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Climate, Copenhagen and energy.

There is an old saying in resource management circles: "Resources do not exist, they become." A brief inspection of the economic evolution of any civilization demonstrates the truth of that wisdom.

Oil was nuisance seepage 150 years ago, but it is now the single largest resource-based industry in the world.

The price and availability of all resources exist within the intersection of technology, demand and availability, but at some point, all resources are finite, and no amount of money can obtain resources that do not exist.

In 2008, demand for oil, fertilizer and other commodities peaked in a speculative frenzy that saw crude oil prices push towards $150 per barrel. The subsequent recession saw demand fall below supply, and oil prices plummeted to almost 60% lower man the peak. Was that peak in prices driven by demand outstripping supply alone? The most likely answer is no, as we did not see world oil production fall behind demand. But ongoing developments in global energy markets suggest increasing and unstable prices ahead.

The four primary sources of pricing uncertainty are governmental regulation, global economic expansion, international competition for economic growth and the growing consumption of a limited quantity of cheap, plentiful fossil fuels. Consider the following:

* If nations do not have access to cheap, plentiful energy and food, they will not experience economic growth and their citizens will not see a quality of life improvement. Almost 70% of the world's population lives in poor or developing nations.

* Rich nations consume large amounts of energy per capita; poorer nations consume much less.

* The developed nations have stabilized their energy consumption, with 1% annual growth rates forecast for decades.

* Global consumption of energy is expected to almost double in the next 25 years due to developing nations' appetite for fossil fuels. By 2035, developing nations will consume more than two-thirds of the world's energy. In 2009, the growth in Chinese oil demand was almost 2% of total world production.

* The International Energy Agency (IEA) predicts a peak in global oil production, possibly within five to 10 years, after which oil production is expected to steadily decline, forcing energy demand towards other sources.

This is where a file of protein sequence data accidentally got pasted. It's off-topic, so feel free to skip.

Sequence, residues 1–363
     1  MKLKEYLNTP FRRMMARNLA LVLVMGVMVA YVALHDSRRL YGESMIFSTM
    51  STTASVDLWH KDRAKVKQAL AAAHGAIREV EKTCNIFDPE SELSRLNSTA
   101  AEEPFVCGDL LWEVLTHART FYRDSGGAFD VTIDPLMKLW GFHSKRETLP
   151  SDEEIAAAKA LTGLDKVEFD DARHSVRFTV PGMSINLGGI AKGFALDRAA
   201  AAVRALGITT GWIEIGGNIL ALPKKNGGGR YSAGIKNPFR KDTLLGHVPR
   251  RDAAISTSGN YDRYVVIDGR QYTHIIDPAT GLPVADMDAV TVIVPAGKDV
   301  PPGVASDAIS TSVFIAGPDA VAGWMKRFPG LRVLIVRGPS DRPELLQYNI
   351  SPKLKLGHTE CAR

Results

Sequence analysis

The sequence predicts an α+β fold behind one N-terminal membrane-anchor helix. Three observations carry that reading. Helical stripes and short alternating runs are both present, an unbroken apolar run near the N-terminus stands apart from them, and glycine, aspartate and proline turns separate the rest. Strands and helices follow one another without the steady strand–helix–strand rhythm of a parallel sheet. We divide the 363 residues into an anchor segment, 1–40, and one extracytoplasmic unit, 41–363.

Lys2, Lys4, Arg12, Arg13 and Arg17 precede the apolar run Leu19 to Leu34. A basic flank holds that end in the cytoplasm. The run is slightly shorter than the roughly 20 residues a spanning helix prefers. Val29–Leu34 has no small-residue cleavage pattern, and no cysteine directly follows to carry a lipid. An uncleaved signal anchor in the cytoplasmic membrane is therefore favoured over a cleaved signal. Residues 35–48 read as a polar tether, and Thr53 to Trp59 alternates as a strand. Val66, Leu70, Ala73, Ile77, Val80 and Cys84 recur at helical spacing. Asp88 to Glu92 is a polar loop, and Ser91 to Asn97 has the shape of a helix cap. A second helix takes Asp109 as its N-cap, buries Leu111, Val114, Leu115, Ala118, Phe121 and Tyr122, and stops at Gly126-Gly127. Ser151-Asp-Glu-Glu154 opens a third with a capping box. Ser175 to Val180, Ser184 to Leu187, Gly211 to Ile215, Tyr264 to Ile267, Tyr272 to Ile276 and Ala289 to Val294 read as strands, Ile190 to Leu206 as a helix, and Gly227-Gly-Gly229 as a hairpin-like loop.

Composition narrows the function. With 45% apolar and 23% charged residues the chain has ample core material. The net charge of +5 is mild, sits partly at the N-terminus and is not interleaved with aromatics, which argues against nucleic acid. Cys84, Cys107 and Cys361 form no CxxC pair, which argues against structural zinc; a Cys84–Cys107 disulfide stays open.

* Through national and international agreements and regulations, various governmental bodies are both controlling energy prices (through ownership/control of carbon energy resources) and access to use of the atmosphere for the disposal of combustion waste gasses. This is expected to drive costs for energy higher than present levels while limiting commercial access to carbon fuels.

* Neither the U.S. Department of Energy (DOE) nor IEA currently forecasts any meaningful reduction in global carbon fuel use over the next 25 years.

* Neither DOE nor IEA forecast increases in renewable energy that would allow material reductions in the global use of carbon fuels within the next 25 years.

* In a recession, developed nations are likely to reject further reductions in their economic well-being through government mandated energy cost increases.

* Developing nations typically reject any proposals that limit their access to growing energy supplies and the economic growth that comes with it.

The foundations for a global energy challenge are laid before us, and mankind faces a series of dilemmas. Developing nations want to consume more energy, and they want access to cheap, plentiful energy resources to support economic growth. Developed nations want continued access to unlimited, cheap sources of energy to support their existing economies. Climate scientists and environmentalists continue to warn of the potential risks associated with climate change caused by unrestricted consumption of carbon-based fuels. The traditional global energy resource bases are finite, and some are declining in size. Efforts are being made--through the United Nations--to restrict or limit consumption of carbon-based fuels without immediate, practical options to replace carbon-based fuels with alternative energy resources. No matter which way the global economy turns, someone is going to get hurt.

By many accounts, the Copenhagen Climate Summit of late 2009 was a failure because the process of addressing human-caused climate change (use less carbon fuels) pitted the near-term interests of rich nations against those of poor nations. No one knows how to develop a low-carbon economy that produces an acceptable quality of life for its citizens, but that "solution" to climate change was what the United Nations-supported scientific community tried to sell to the world.

At this moment, it is not clear whether regulations, cost or supply limitations will reduce access to energy resources, but it does appear that the cost of energy is going to increase over the next decade or so.

With a high probability that domestic energy prices are going to rise, more energy-intensive metalcasters are at greater risk during extended periods of price instability. That risk is even greater if U.S. energy policy causes domestic prices to increase faster than international prices, a very real risk if the U.S. adopts significant domestic carbon taxes before China and India.

If higher energy prices are coming, the risk management response open to domestic casting facilities is the same option they use when foreign competitors sell castings that are cheaper because of lower labor costs: get more efficient without compromising quality. MC

Redmond Clark, CBL Industrial Services, Cary, Illinois
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Title Annotation:Shaping Strategy
Author:Clark, Redmond
Publication:Modern Casting
Geographic Code:1USA
Date:Sep 1, 2010
Words:859
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